Business & Defence

How HAL’s Tie-Up with Israel Could Solve IAF’s Aerial Refuelling Woes

HAL stated on Wednesday that it had signed a memorandum of understanding with Israel’s Israel Aerospace Industries (IAI) to create multi-mission tanker transport (MMTT) planes that can refuel other planes in mid-flight.

According to a news statement from HAL, the MoU envisions civil (passenger) aircraft being converted to a configuration that allows them to perform both aerial refuelling and cargo and transport missions.

According to HAL, the alliance will deliver “new capabilities and cost-effective solutions” to India’s defence industry. The MoU’s scope also includes transitioning transport aircraft to freighter missions, according to HAL.

IAI CEO Boaz Levy said the business was happy to introduce its “best value” MMTT solution to India, where it would be manufactured and marketed using “local resources.” Levy also expressed his continued support for the Make-in-India initiative.

In the 3rd decade, search for airborne refuellers

Aerial refuellers are big transport planes like the Boeing 707, Boeing 767, or Airbus A330 that can refuel fighters, patrol planes, bombers, and a variety of other planes in mid-flight. For more than 50 years, aerial refuellers have been a vital part of major armed forces.

The increased range of aircraft boosts a military’s combat capability by allowing planes to attack targets further away while also eliminating the need to land and refuel on vulnerable airbases.

When the Indian Air Force received the first of six Russian-built Il-78 refuelling aircraft in 2003, it became the world’s first. The Il-78 is a modernised variant of the IL-76 transport plane from the Soviet era. However, worries about the aircraft’s serviceability arose quickly, and the Indian Air Force began looking for a successor by 2006-2007. The Indian Air Force twice put out tenders for a new aerial refuelling tanker, and both times an Airbus A330 model was chosen.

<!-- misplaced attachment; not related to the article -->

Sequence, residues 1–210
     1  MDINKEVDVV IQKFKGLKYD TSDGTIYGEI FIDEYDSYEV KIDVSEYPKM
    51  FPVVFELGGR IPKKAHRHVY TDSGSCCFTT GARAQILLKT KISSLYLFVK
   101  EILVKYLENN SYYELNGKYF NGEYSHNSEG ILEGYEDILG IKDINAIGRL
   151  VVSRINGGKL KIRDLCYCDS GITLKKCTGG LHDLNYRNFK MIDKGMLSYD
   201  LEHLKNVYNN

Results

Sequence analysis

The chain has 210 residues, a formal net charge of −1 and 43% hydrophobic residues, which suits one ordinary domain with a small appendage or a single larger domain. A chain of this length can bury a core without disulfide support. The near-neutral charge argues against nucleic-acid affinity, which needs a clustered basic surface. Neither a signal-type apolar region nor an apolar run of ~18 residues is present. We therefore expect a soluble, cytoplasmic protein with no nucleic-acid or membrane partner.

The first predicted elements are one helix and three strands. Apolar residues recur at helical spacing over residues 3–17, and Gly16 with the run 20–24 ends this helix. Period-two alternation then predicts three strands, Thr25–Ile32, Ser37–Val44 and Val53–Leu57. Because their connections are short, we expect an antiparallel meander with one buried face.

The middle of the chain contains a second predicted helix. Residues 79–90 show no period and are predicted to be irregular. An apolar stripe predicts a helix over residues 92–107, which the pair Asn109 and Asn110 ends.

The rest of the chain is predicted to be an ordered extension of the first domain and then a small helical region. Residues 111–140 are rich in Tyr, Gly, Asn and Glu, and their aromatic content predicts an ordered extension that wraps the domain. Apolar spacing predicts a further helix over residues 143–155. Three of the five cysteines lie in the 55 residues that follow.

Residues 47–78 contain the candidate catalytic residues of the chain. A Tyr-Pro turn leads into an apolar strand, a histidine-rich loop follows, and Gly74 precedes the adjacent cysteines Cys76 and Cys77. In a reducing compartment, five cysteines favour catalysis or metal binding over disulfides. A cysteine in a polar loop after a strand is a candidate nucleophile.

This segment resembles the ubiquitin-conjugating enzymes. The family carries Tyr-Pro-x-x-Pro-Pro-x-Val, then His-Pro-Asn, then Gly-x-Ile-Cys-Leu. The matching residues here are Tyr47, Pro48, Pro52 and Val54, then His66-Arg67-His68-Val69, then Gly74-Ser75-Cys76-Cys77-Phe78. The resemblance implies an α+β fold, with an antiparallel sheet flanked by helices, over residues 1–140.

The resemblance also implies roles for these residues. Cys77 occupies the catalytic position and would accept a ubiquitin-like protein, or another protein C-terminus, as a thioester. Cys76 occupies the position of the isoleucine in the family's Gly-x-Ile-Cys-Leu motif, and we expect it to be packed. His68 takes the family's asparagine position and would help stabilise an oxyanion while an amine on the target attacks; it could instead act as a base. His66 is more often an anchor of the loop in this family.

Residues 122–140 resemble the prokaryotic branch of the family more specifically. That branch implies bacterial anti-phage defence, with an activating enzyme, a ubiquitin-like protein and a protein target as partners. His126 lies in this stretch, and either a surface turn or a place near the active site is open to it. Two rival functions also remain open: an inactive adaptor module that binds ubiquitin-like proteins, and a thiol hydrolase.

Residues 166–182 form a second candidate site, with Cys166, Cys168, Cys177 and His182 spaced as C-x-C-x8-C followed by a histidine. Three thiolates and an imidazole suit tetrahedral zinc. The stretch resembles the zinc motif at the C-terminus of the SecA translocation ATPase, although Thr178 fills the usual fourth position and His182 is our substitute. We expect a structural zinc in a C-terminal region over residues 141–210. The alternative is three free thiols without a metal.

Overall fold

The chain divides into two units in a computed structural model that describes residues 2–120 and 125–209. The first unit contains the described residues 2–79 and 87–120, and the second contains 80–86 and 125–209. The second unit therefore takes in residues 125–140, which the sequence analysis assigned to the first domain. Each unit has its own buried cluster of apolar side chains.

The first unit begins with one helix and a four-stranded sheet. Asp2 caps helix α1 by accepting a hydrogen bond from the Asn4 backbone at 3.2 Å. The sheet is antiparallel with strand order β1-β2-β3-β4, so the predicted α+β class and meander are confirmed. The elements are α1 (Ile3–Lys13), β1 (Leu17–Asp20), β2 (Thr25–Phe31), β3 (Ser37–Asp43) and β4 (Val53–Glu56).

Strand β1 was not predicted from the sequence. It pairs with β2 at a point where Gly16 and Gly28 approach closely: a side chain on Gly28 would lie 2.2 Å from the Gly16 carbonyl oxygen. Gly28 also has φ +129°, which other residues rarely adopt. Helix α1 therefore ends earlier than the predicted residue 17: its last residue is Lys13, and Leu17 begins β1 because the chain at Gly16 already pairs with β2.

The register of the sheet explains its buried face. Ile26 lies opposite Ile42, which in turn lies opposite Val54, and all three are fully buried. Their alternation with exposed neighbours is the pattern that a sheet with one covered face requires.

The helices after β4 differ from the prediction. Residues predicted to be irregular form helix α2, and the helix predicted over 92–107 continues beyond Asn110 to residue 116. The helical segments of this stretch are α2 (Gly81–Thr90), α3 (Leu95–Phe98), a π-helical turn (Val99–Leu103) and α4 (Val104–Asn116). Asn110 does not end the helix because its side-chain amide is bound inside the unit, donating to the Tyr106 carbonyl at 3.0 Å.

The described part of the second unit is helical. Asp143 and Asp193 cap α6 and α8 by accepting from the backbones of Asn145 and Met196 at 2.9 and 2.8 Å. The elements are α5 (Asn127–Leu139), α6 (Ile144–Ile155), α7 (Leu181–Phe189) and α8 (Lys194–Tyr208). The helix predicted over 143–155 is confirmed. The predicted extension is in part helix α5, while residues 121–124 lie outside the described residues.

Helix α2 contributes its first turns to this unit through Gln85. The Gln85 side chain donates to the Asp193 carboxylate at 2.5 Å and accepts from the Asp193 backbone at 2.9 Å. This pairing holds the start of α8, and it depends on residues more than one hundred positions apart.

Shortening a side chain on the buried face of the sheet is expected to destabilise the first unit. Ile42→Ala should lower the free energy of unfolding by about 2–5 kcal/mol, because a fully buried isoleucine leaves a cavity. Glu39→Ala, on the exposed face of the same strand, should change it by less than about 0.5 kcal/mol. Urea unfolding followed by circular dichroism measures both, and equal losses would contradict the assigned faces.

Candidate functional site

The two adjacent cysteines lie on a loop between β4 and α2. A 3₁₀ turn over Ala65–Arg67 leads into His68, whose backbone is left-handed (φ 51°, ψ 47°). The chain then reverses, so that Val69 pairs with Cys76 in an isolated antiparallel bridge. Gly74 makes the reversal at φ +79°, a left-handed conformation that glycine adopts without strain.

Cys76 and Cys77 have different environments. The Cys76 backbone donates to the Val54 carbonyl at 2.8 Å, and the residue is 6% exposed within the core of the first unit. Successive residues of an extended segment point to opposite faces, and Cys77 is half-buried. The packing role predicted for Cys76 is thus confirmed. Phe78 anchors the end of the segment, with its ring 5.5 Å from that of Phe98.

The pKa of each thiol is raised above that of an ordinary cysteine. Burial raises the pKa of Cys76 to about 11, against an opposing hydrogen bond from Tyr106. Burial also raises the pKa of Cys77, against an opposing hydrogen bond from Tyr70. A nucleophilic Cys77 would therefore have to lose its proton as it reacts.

The Airbus A330 MRTT (multirole tanker transport) is a variant of the popular twin-engine Airbus A330 passenger plane with a long range. While the A330 MRTT was more expensive than the IL-78, it was a newer design with lower operational expenses due to the presence of two engines. The Russian jet is powered by four engines.

Despite being chosen twice, the A330 MRTT was never acquired due to cost concerns. The Indian Air Force said in 2019 that it was looking to recommence the process of purchasing aerial refuellers.

The used market solution

While the A330 MRTT and Il-78 are essentially new planes that have been converted to aerial refuelers, IAI has been in the business of adapting older planes. For “more than 12 customers worldwide,” the business claims to have adapted dozens of aircraft for air-to-air refuelling missions.

IAI has touted its ability to turn secondhand Boeing 767 jets into tankers by installing specific systems for storing and transferring jet fuel.

Hundreds of older Boeing 767 and Airbus A330 planes are available on the worldwide market, with decades of airframe life remaining, providing a range of economical possibilities for governments desiring aerial refuelling capabilities. Aerial refuelling stations usually last several decades. The last of the KC-135 tankers remaining in service with the US Air Force, for example, was produced in the mid-1960s.

Colombia employs a Boeing 767 refueller that was brought in from Israel. In 2013, the Brazilian Air Force chose an Israeli Boeing 767 solution, but no deal was signed.


IAI offers two types of refuelling systems for the Boeing 767: the ‘probe and drogue’ and the ‘flying boom.’ The Indian Air Force’s Il-78 uses the probe and drogue system. The Flying Boom, on the other hand, is mostly utilised by aircraft designed in the United States and enables for the transfer of higher volumes of gasoline in less time. Only flying boom can refuel aircraft like the Indian Navy’s P-8I maritime patrol jets and the Indian Air Force’s C-17 big transport jets.

Boeing has previously denied IAI permission to adapt planes it had constructed for the tanker duty, according to Israeli media. This has been ascribed to IAI being a potential competitor to the Boeing KC-46, a newly introduced purpose-built Boeing 767 tanker.

“The KC-46 costs $250-300 million, whereas IAI is providing its converted aircraft for $150 million, with no major reduction in capacity and performance,” according to Globes, an Israeli news outlet.

The Indian Air Force had previously stated that, due to its limited budget, it would explore leasing aerial refuellers. The collaboration between IAI and HAL could give the Indian Air Force with a cost-effective option.

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